A relationship that is often overlooked in software development and maintenance is the one between incidents and technical debt. However, upon closer inspection it is a quite obvious one. New or recently revised code is often the cause of most software errors, but those problems that are caused by changes made to code often lead back to a patch of code that is burdened with technical debt. This shouldn't be surprising since technical debt results in code that has baked-in problems (whether they be in design, execution, or integration with the rest of the program) so any interaction with it later on will bring those problems to the surface.
Developers are likely to incur technical debt when speed of work takes precedence over quality of work; so code is added onto a system that although has no bugs does not meet contemporary coding or design standards. This leads to code that does not stand the test of time and when changed or added onto causes more problems than it should. For example, added traffic or structural changes can expose the underlying issues in tech debt ridden code.
But where does incident management tie into this?
Not every incident requires there be an analysis or revision of source code after the fact, but many do. When code is being revised is the most common sense moment in which to eliminate any technical debt that is present. And even if the incident response doesn't require any changes to code it can have revealed some previously unknown technical debt that can logged and dealt with by refactoring. Incident revision can also become a warning system for possible design and code issues.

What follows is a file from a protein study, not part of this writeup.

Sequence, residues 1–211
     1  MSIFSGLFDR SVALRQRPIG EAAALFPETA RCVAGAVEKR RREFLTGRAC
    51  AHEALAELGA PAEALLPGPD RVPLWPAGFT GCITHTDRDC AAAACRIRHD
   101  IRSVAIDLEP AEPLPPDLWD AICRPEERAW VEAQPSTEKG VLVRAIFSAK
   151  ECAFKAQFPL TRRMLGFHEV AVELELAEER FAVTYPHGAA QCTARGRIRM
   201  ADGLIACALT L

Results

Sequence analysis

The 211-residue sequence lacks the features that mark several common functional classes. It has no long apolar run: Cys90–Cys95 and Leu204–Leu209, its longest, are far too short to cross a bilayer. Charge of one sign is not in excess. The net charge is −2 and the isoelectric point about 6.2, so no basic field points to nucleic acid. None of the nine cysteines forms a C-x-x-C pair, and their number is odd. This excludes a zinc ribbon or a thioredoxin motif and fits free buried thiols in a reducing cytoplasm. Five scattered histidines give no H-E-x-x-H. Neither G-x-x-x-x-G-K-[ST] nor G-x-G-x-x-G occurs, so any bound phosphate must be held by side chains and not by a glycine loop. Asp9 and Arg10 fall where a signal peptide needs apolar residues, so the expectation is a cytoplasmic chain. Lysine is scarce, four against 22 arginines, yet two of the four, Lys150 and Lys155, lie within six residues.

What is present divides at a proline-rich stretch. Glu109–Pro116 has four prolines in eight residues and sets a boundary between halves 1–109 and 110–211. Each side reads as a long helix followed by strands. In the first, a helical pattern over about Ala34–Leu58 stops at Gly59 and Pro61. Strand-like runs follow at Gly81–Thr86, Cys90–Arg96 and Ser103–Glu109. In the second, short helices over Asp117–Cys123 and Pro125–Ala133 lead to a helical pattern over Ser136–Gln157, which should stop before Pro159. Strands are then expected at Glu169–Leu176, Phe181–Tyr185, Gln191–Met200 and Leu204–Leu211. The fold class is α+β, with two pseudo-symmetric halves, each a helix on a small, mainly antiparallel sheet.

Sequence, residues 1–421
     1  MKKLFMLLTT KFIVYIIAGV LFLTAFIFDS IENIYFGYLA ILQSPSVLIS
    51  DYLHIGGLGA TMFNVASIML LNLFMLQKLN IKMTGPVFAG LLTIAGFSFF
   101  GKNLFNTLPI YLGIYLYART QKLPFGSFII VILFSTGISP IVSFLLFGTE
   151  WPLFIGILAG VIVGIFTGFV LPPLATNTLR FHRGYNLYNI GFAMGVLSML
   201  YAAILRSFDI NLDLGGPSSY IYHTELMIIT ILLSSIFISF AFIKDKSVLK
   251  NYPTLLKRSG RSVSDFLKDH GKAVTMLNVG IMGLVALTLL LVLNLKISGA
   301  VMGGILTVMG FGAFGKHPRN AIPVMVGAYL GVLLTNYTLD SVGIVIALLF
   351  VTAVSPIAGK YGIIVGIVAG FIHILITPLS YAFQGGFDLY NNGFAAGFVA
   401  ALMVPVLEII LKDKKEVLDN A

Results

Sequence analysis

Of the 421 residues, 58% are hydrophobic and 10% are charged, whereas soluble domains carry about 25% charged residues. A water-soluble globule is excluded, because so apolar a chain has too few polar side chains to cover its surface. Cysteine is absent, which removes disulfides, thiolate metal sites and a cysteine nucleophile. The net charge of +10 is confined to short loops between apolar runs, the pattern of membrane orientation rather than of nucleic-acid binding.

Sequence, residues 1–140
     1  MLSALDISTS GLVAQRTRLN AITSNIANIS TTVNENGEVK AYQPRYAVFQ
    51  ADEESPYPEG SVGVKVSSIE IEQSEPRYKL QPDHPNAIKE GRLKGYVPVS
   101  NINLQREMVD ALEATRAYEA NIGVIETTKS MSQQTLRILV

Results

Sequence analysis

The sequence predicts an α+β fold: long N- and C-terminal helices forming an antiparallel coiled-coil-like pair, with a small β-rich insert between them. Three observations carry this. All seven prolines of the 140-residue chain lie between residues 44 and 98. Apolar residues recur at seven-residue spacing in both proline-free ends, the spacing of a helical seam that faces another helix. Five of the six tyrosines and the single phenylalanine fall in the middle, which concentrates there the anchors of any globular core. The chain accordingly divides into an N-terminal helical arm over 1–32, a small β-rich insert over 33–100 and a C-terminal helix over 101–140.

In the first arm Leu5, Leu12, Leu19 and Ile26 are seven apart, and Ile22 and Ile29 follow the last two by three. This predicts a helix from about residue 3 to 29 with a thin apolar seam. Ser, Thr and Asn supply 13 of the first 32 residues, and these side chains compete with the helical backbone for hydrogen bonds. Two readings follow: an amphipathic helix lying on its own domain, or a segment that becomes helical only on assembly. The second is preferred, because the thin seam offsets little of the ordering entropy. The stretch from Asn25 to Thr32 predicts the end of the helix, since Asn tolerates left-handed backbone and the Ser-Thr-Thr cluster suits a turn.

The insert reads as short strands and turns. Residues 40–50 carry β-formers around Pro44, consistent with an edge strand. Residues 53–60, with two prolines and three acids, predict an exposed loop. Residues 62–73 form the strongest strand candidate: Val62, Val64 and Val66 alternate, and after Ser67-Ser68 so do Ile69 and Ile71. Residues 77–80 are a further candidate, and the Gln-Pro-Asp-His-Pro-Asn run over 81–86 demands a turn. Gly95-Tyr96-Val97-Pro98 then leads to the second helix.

If technical debt is a significant issue in your current system than it is best to adopt a policy and framework for dealing with it.
This policy and framework should include:
- Mapping out known areas of technical debt in source code
- Procedures for logging incidents involving any new or known debt
- Logs should include: time and date of discovery, basic description of the debt response, and follow up
- Guidelines covering when to go in and refactor the debt as part of the incident response or when to report the debt and schedule it for a future time
- A set of formal standards that specifically reference technical debt
- This involves knowing how to recognize tech debt and also which standards to apply when you refactor it
The great part of recognizing the tie between incident management and technical debt is that you can also tie together your incident management system to your technical debt framework (like your system's API). Doing this makes it possible to pay back technical debt bit by bit as part of incident management and response, and also provides an automated way of assuring that technical debt is not ignored.
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Erik Oltmans, an Associate Partner from EY, Netherlands, spoke at the Software Intelligence Forum on how the consulting behemoth uses Software Intelligence in its Transaction Advisory services.
Erik describes the changing landscape of M & A. Besides the financial and commercial aspects, PE firms now equally value technical assessments, especially for targets with significant software assets. He goes on to detail how CAST Highlight makes these assessments possible with limited access to the targetâ€™s systems, customized quality metrics, and liability implications of open source components - all three that are critical for an M&A due diligence.